by Julie Zine Coleman @JulieZColeman

Give thanks to the Lord, for He is good, for His lovingkindness is everlasting. Psalm 136:1 NASB

Turning onto the main highway through Annapolis, I knew I needed to spend the next half-hour’s drive in prayer. Several things were weighing heavy on my mind. But before beginning my list, I decided to spend a couple of minutes thanking God for how He had already blessed me. I thanked Him for my family, naming them one by one. I thanked Him for my church, His provision in my ministry work, for the people in my life who were so important to me. I thanked him for our home, our neighborhood, and provision for our physical needs.

There was so much to be thankful for. Before I knew it, I had arrived at my destination. And I was still thanking God. I hadn’t even gotten to naming my requests! Those urgent items I had been stewing over? Suddenly they didn’t seem so urgent after all. My heart now brimmed with trust in a God of provision and love.

In Luke 17, we find three passages that together remind us that gratitude is vital to trust.

Jesus encountered ten lepers on the road to Jerusalem. In response to their desperate request for mercy, He told them, “Go and show yourselves to the priests.” It was an odd thing to say, because lepers were not welcome in the temple. But the men turned and in faith did exactly what He said. And on the way, they suddenly realized they had been healed.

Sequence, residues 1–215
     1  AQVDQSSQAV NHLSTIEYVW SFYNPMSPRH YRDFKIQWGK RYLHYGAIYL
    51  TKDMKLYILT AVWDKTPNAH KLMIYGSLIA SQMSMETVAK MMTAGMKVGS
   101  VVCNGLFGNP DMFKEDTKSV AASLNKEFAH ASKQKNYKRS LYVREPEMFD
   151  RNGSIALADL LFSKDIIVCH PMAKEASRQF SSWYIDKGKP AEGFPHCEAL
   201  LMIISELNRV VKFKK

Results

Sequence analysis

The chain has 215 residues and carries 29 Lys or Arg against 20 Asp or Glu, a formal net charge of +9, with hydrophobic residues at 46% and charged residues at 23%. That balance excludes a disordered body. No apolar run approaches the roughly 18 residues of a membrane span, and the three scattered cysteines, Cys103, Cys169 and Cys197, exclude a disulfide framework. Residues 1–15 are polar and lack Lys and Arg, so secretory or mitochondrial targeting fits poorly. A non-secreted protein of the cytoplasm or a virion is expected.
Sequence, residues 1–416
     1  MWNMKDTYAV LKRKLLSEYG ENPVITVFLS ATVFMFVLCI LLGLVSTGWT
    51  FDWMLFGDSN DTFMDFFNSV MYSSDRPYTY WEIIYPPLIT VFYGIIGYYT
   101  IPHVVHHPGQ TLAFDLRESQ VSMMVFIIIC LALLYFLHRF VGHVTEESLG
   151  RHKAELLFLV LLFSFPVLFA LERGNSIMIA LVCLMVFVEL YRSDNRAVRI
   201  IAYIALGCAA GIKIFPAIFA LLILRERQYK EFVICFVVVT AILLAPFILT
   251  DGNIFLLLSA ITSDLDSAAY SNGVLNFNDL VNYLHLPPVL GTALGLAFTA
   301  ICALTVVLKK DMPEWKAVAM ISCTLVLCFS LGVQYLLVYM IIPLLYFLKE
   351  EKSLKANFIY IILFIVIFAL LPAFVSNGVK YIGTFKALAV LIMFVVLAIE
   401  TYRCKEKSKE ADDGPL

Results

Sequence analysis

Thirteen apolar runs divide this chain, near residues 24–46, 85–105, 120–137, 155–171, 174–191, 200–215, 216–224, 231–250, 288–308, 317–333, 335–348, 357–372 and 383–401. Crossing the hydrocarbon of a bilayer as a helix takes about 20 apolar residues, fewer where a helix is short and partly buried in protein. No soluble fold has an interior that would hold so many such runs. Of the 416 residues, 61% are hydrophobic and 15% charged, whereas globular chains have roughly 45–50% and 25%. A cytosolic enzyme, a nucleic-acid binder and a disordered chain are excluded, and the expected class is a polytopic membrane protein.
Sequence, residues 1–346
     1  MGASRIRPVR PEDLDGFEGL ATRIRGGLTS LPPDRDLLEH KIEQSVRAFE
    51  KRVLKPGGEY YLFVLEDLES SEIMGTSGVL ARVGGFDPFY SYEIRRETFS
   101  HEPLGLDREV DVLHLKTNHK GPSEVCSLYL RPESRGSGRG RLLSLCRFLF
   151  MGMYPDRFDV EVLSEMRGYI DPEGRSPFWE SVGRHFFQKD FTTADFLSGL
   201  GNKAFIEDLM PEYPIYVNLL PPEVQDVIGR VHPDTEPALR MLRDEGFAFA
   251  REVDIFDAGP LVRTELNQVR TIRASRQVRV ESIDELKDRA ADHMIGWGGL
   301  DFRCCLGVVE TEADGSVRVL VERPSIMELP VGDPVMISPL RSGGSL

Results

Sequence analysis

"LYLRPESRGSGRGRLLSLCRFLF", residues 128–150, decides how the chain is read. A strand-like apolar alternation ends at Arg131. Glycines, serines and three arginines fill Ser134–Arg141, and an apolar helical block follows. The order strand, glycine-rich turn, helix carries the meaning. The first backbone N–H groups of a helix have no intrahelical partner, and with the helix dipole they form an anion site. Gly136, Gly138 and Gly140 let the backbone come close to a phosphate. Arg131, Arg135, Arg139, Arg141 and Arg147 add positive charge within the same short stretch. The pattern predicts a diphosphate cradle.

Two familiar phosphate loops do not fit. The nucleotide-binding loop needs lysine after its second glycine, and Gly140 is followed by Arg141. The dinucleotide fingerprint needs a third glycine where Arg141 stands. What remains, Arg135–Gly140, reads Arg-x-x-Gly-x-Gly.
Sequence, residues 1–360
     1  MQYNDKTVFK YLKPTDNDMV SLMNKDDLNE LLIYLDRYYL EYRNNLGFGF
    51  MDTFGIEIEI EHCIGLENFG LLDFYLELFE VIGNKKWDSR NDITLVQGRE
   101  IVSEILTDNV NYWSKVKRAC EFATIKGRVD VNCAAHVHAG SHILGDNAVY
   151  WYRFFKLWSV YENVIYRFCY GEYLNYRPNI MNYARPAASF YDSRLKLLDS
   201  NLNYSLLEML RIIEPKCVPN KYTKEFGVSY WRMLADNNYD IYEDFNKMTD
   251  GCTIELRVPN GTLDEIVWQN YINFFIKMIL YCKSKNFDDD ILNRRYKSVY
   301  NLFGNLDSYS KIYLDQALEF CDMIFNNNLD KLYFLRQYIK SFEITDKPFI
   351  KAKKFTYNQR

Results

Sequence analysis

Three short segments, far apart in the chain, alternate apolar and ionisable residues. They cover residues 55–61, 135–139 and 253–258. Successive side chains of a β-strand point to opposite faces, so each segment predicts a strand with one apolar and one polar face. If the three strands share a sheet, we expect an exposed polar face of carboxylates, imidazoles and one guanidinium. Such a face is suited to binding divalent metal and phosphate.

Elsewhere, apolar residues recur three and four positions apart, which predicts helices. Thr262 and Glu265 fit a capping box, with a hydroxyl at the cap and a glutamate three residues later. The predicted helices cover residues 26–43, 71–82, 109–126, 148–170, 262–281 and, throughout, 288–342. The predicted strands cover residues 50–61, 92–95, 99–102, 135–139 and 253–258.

Most of them continued on to finish doing what Jesus commanded. One turned around and headed back to Jesus. His heart was too full of gratitude to continue forward.

Jesus had just finished talking with His disciples about their need to forgive. If someone sinned against them seven times a day, they were to forgive them seven times. The disciples were taken aback. “Lord, increase our faith!” they cried.

So Jesus told them a parable about a slave who spent all day working in the field. He returned to the house exhausted and hungry. But his master told him, “Prepare something for me to eat, and properly clothe yourself and serve me while I eat and drink; and afterward you may eat and drink.”

Jesus finished: “So you too, when you do all the things which are commanded you, say, ‘We are unworthy slaves; we have done only that which we ought to do.’” (Luke 17:7-10 NASB).

The very next thing Luke records is the story of the ten lepers. Are we supposed to connect these three sections? I believe we are. Luke tends to group his stories together to make a point.

The disciples had asked for more faith. Without it, what Jesus was telling them to do would be impossible. When the one leper came back to fall at His feet and thank Him, Jesus told him, “Stand up and go; your faith has made you well.” That was the kind of faith the disciples had just begged for. Where did it come from? A heart full of gratitude.

Why is gratitude so key to increasing our faith?

Gratitude supplies the correct perspective. Remembering what God has done puts Him at the center instead of us. When we thank Him, we are expressing belief that the good things in our life are evidence of a God who is at work on our behalf (James 1:17). We are acknowledging that our lives are in His hands. He is in control. That puts everything else we have been focusing on in proper perspective.